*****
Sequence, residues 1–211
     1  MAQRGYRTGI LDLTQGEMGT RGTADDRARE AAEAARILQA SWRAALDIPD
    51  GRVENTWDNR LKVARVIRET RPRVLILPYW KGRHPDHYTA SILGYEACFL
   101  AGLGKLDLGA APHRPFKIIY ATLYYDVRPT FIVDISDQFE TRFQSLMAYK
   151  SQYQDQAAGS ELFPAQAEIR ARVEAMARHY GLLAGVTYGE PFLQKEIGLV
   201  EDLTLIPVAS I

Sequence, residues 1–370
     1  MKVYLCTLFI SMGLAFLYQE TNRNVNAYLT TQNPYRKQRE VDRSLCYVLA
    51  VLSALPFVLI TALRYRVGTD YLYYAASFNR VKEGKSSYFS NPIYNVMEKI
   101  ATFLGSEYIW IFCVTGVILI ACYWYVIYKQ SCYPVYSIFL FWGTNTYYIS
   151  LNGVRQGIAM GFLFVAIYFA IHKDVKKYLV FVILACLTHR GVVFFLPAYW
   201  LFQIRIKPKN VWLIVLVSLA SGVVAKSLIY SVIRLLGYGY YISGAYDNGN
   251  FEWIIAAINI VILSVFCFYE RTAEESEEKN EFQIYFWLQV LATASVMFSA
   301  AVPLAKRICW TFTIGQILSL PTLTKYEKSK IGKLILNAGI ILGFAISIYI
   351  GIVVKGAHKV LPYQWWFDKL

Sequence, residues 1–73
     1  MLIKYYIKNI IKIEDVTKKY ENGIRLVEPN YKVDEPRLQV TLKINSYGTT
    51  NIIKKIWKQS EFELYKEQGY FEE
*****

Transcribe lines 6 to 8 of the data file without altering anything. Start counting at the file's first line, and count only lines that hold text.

   201  EDLTLIPVAS I

Sequence, residues 1–370
     1  MKVYLCTLFI SMGLAFLYQE TNRNVNAYLT TQNPYRKQRE VDRSLCYVLA